The arrangement shown in FIG. 2A meets the main requirements for satisfactory tracer injection: the injection involves no interference with the normal circulation and it produces an initial concentration of tracer sufficiently small (typically 1 per cent by weight) that effects on mud density and rheology are almost certainly negligible. The tracer is added in accurately known amounts without losses or spillage. Instead of the simple arrangement shown on FIG. 2A, a metering pump for tracer injection could be connected directly to the line between the active tank and the mud pump. This pump, drawing fluid from a small reservoir of concentrated tracer solution, should be capable of injecting up to about 10 liters in a few seconds at a controlled but adjustable flow rate. The pump could also programed to inject a series of substantially rectangular tracer pulses.
Mud samples were collected (FIG. 2B) directly from the large feed pipe 32 which disgorges into the header box 34 of the shale shaker 36. This is the first point at which return mud appeared. The main concern was to sample the return mud 38 as far up-stream as possible, in order to eliminate from the first-pass measurements any effects due to residence in any of the elements of the solids control equipment. In order to sample the downflow of the feed pipe 32 before the mud entered the header box 34 of the shale shaker, a dog-leg tube 40 was placed within the large diameter feed pipe to divert a small mud stream to a position above the header box mud level. This sample stream was cascaded into a funnel 42 acting as a constant head device to create a steady flow which could be very conveniently sampled manually. The tubes and funnel of the sampling device had a very small capacity (relative to the flow rate) and mud passed through it very rapidly, in a few seconds at most. It proved possible with a little practice to collect a 60 ml mud sample in a screw-cap bottle every 15-20 seconds and to sustain this sampling rate for as long as one hour. However, the sampling could have been automated easily by feeding the continuous mud stream to a standard sample-bottle carousel for automatic collection and time-logging of the samples.
Choice of tracer is governed by the surface analytical system available. For use with an ion-chromatography system, a salt composed of metal ion and anion neither of which occur appreciably in muds or drilled formations is appropriate. Lithium broride, zinc bromide and others are suitable. Note that a salt provides two independently measurable species, cation and anion; these are independently convected and measurement of both two independent measurments of the residence time distribution. Provided that the tracer species do not adsorb on the bore hole wall, they are perfectly convected with the same velocity distribution as the mud itself. The residence time density function of the tracer is the same as that of the mud and of any other perfectly convected, inert species. A multi-component tracer (a tracer `cocktail`) inert to the mud elements but including substances both inert and active to the wellbore wall may be used to explore the chemical reactivity of the wellbore wall.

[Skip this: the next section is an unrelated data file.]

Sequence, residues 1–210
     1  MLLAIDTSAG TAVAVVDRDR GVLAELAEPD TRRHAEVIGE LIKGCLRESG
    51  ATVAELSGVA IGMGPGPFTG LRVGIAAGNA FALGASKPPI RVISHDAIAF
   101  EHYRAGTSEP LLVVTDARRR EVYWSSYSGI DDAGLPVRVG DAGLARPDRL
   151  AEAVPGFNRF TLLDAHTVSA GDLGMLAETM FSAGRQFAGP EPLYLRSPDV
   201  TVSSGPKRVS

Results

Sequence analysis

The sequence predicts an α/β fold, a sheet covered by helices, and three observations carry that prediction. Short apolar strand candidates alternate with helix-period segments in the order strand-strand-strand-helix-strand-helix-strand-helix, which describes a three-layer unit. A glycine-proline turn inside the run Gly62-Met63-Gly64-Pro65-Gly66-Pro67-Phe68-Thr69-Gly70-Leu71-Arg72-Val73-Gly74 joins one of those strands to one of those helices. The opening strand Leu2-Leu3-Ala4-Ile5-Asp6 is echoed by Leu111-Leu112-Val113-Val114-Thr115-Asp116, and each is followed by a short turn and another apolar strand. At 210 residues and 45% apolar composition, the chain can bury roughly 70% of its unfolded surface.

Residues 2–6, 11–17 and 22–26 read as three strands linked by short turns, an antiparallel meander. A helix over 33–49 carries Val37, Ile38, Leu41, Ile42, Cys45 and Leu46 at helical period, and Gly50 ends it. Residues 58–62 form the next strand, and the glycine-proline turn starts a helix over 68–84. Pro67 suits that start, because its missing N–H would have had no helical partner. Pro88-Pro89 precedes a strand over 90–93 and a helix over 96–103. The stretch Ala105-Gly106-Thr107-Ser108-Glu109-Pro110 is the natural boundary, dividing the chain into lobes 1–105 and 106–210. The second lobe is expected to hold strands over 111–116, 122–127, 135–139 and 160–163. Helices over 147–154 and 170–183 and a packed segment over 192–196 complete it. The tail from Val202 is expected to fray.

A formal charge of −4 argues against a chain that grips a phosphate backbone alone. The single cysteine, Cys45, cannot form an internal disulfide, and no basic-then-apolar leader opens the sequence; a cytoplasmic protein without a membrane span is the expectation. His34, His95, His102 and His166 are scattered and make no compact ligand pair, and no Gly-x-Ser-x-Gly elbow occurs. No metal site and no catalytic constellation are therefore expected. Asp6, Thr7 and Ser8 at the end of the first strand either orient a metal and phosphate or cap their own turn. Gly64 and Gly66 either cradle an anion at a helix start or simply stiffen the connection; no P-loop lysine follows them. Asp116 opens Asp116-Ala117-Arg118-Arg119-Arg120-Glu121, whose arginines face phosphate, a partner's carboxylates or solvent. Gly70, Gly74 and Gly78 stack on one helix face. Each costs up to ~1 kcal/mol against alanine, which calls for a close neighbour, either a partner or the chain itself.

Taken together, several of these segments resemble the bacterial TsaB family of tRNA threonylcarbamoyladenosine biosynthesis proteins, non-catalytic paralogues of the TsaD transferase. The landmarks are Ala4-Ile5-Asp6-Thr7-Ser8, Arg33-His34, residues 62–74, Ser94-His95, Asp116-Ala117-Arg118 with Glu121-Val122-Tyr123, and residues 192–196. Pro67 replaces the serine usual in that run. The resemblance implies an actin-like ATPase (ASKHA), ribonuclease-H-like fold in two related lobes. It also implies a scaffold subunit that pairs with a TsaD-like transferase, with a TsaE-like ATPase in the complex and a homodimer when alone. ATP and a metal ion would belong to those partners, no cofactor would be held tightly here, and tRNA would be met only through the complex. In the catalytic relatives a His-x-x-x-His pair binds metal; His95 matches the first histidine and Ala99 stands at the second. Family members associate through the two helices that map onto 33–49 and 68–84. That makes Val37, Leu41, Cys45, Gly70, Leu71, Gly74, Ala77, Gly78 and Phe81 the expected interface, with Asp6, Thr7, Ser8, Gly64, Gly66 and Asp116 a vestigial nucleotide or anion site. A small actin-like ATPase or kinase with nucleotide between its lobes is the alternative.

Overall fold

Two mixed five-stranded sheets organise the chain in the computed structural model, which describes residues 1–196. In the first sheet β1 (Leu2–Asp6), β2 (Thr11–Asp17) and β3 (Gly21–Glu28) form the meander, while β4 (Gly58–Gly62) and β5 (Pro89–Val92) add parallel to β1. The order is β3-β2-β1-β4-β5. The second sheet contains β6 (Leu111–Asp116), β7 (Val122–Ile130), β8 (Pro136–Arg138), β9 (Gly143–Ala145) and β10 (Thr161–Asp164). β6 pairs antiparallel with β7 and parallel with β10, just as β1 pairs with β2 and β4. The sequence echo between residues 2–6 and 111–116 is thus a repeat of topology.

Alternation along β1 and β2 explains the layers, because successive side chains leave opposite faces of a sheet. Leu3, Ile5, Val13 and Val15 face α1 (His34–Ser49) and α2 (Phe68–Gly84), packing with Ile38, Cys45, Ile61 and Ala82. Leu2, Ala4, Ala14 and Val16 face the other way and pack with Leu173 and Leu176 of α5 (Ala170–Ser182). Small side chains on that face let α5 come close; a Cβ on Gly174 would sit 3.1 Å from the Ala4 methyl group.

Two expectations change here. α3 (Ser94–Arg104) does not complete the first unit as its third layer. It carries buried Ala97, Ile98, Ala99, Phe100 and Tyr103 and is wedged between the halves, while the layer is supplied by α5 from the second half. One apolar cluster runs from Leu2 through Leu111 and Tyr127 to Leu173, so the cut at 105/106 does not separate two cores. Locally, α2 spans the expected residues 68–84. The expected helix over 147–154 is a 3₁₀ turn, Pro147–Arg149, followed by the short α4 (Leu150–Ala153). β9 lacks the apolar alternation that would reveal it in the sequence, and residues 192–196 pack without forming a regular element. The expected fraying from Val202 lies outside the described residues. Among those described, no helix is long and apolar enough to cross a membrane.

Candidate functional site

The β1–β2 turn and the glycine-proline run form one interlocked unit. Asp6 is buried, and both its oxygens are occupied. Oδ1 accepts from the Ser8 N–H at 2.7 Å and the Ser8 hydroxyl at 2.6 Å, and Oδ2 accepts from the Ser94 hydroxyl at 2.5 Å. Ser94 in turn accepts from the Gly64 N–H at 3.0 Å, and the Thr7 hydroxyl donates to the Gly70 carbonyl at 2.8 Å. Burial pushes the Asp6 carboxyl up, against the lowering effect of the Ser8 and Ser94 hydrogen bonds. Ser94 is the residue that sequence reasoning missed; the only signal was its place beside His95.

A surface analytical system is needed to detect the tracer as it returns to the surface. In addition to the equipment shown in FIGS. 2A and 2B, an ion chromatograph was used in the reported experiment to analyse the mud samples. Each sample was centrifuged and the solids-free supernatant was analysed for lithium. In the experiment, 2.5 kg of lithium bromide was used. The salt was dissolved in tap water to make about 3 liters of 9.4 mol/l solution. This was added to the mud stream by way of the feed-line 24 over a period of 16 seconds. The whole volume of tracer solution was added to the mud flow, mud being used to flush the feedline. The rate of addition was approximately constant over the 16 second injection period because the feed-line funnel acted as a crude constant-head device. During tracer addition, the pump rate was 22.25 l/s, so that by equation (1) the lithium bromide concentration in the input tracer pulse was 6.9 g/l (0.079 mol/l).